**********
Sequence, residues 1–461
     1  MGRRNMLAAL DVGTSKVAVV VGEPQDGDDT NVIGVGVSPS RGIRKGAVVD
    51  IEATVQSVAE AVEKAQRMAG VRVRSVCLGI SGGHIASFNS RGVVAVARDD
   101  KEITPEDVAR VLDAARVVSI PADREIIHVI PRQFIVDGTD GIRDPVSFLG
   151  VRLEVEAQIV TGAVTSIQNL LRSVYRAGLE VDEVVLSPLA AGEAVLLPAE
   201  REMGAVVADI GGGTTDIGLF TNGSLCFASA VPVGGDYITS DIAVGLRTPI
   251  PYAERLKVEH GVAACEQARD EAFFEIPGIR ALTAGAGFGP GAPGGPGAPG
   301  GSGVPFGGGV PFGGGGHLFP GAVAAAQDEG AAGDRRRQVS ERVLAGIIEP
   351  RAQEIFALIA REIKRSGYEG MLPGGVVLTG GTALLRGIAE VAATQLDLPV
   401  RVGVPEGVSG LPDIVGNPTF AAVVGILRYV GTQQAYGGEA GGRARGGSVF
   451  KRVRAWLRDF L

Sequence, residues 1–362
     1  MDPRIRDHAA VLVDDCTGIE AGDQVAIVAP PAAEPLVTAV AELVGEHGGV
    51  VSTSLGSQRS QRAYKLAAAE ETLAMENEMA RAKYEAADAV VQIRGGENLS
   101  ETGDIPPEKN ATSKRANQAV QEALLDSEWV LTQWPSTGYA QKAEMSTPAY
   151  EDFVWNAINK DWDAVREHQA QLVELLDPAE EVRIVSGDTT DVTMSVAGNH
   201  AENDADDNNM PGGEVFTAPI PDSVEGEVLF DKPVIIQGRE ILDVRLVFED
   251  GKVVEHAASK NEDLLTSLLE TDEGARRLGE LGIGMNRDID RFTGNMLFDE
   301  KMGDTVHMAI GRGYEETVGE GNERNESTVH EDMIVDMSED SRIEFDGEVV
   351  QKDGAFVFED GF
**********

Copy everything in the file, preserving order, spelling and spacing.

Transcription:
Sequence, residues 1–461
     1  MGRRNMLAAL DVGTSKVAVV VGEPQDGDDT NVIGVGVSPS RGIRKGAVVD
    51  IEATVQSVAE AVEKAQRMAG VRVRSVCLGI SGGHIASFNS RGVVAVARDD
   101  KEITPEDVAR VLDAARVVSI PADREIIHVI PRQFIVDGTD GIRDPVSFLG
   151  VRLEVEAQIV TGAVTSIQNL LRSVYRAGLE VDEVVLSPLA AGEAVLLPAE
   201  REMGAVVADI GGGTTDIGLF TNGSLCFASA VPVGGDYITS DIAVGLRTPI
   251  PYAERLKVEH GVAACEQARD EAFFEIPGIR ALTAGAGFGP GAPGGPGAPG
   301  GSGVPFGGGV PFGGGGHLFP GAVAAAQDEG AAGDRRRQVS ERVLAGIIEP
   351  RAQEIFALIA REIKRSGYEG MLPGGVVLTG GTALLRGIAE VAATQLDLPV
   401  RVGVPEGVSG LPDIVGNPTF AAVVGILRYV GTQQAYGGEA GGRARGGSVF
   451  KRVRAWLRDF L

Sequence, residues 1–362
     1  MDPRIRDHAA VLVDDCTGIE AGDQVAIVAP PAAEPLVTAV AELVGEHGGV
    51  VSTSLGSQRS QRAYKLAAAE ETLAMENEMA RAKYEAADAV VQIRGGENLS
   101  ETGDIPPEKN ATSKRANQAV QEALLDSEWV LTQWPSTGYA QKAEMSTPAY
   151  EDFVWNAINK DWDAVREHQA QLVELLDPAE EVRIVSGDTT DVTMSVAGNH
   201  AENDADDNNM PGGEVFTAPI PDSVEGEVLF DKPVIIQGRE ILDVRLVFED
   251  GKVVEHAASK NEDLLTSLLE TDEGARRLGE LGIGMNRDID RFTGNMLFDE
   301  KMGDTVHMAI GRGYEETVGE GNERNESTVH EDMIVDMSED SRIEFDGEVV
   351  QKDGAFVFED GF